At the time, Phil Wood was a restaurant equipment employee and machinist, solving design and maintenance problems for Food Machinery Corporation. But it wasn’t very long before he was the founder and proprietor of San Jose based Phil Wood & Co. and maker of the bicycle industry’s first modern hubs with sealed bearings and oversized aluminum axles. Soon, Wood’s company would build a name for itself as the upgrade of choice, even the choice over world leader Campagnolo in hubs, and would follow that with sealed bearing bottom brackets, and pedals. Over the ensuing decades, Phil Wood would introduce a wonderful spoke cutting and threading machine that would become the industry standard, the first ovalized tubing specifically designed for tandem bicycle frames, and the staple of shops and home mechanics alike, Phil Wood Grease in the familiar green tube, and Tenacious Oil in a similarly colored bottle. In my own three decades in the bicycle industry, I have yet to hear a disparaging comment on the design or quality of a Phil Wood product or a complaint directed at the company itself.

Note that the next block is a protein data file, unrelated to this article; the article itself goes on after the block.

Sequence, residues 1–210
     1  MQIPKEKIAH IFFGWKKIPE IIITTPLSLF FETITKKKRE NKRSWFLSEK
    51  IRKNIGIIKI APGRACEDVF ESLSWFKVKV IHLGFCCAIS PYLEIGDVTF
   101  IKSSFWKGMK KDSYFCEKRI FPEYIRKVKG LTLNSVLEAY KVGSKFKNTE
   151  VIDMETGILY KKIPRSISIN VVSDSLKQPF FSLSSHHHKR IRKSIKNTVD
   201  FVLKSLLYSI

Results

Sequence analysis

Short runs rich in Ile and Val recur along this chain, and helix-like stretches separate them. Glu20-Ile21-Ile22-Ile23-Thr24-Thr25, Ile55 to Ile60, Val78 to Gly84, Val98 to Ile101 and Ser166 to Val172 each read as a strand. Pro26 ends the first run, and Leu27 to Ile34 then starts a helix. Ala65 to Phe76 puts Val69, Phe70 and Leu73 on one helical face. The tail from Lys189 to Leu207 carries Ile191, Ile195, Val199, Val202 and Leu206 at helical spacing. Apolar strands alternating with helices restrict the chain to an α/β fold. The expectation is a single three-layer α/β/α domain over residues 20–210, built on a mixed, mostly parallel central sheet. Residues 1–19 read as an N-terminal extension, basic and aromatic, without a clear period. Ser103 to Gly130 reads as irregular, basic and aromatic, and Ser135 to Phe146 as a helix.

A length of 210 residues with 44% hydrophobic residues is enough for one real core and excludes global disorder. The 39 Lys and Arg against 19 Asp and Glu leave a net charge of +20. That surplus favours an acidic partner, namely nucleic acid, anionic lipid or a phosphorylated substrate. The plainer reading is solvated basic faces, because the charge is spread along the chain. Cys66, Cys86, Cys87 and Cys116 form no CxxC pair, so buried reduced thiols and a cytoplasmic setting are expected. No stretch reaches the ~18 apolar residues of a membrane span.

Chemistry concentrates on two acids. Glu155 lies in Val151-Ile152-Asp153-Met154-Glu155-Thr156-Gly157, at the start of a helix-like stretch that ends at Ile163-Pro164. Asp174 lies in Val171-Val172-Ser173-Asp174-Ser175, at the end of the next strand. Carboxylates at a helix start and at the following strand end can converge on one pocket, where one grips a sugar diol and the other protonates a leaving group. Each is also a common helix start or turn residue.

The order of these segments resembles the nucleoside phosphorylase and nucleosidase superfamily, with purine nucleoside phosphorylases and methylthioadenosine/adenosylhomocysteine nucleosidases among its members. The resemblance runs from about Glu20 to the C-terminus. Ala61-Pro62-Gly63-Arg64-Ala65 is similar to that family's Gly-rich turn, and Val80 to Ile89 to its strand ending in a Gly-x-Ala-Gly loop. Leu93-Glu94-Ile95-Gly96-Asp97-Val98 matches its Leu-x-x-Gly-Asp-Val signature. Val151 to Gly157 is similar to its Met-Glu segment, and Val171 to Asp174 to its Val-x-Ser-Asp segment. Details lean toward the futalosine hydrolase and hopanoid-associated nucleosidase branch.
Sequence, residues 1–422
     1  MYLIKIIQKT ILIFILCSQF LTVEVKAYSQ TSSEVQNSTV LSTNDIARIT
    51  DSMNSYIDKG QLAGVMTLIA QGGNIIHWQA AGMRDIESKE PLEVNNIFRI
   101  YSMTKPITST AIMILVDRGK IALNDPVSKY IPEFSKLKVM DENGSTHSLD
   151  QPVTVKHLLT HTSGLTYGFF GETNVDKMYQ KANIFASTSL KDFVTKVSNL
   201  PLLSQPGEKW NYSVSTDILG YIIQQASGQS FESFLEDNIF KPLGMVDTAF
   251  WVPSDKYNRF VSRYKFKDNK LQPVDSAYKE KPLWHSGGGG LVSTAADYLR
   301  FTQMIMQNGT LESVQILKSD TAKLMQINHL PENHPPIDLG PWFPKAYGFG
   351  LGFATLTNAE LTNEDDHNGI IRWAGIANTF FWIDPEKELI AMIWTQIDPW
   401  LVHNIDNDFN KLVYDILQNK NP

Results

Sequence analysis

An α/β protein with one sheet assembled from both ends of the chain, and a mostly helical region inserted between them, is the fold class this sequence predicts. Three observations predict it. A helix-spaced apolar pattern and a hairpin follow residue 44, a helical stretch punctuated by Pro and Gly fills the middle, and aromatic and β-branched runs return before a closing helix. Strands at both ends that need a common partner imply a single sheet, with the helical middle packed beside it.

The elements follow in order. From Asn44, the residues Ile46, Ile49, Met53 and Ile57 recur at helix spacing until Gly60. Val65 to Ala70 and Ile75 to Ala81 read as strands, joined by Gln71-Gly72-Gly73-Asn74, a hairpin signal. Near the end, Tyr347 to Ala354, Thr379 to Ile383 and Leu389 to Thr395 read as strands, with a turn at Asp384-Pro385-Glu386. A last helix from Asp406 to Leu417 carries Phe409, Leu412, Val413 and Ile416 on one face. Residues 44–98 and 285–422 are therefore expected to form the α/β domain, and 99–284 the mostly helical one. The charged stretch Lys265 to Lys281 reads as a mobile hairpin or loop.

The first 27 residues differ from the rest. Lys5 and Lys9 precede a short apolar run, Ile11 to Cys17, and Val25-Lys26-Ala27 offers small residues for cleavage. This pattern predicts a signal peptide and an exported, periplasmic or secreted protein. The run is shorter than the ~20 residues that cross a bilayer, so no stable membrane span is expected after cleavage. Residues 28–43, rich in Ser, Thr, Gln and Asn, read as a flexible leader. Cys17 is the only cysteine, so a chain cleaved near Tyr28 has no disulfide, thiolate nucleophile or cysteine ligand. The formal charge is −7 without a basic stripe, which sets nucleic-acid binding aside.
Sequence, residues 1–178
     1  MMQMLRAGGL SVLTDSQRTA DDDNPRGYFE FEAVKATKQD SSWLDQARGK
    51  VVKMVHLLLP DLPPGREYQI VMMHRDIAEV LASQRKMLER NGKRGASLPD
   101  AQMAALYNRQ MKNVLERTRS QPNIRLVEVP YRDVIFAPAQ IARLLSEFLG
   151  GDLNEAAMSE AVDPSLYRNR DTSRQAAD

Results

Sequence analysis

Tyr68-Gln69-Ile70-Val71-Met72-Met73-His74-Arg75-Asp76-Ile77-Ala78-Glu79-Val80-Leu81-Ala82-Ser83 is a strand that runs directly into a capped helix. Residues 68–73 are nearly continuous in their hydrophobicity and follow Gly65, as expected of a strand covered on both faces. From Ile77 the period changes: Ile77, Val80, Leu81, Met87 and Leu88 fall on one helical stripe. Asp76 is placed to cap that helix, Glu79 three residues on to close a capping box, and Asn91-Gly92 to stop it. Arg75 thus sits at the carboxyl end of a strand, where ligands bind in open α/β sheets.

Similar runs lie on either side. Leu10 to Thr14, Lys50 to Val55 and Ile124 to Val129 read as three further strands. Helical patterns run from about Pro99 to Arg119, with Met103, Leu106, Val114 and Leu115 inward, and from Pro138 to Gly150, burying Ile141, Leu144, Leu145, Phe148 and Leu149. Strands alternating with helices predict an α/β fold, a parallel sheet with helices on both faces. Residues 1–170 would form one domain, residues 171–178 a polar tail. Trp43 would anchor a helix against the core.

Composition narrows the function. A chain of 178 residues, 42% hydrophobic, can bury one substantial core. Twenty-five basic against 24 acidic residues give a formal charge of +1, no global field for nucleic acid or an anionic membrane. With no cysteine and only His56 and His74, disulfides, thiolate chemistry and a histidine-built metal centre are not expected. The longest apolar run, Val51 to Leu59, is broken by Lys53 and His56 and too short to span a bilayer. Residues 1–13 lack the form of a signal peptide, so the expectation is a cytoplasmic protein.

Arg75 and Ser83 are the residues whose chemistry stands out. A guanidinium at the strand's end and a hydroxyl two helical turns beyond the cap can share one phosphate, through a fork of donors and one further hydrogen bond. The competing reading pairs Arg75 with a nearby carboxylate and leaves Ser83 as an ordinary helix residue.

It is extremely rare in this industry that a company can achieve what this one has achieved. The company has remained small, employing only 20 people, and has retained all production in-house in San Jose, resisting the temptations to outsource production abroad, and to maintain a level of recognition and reputation that has always been at the highest level. Even the simple trademark logo of ‘Phil’ in a cursive signature style, painted in red on its products has remained the same and still signifies quality, no frills, and perhaps a lifelong product. Stories of Phil hubs and bottom brackets working wonderfully for decades are not uncommon. Many tourists have logged tens of thousands of miles in all types of conditions on their Phil hubs and bottom brackets. And just as many racers have had similar service from their Phil components, which are as beautifully finished as they are beautifully designed.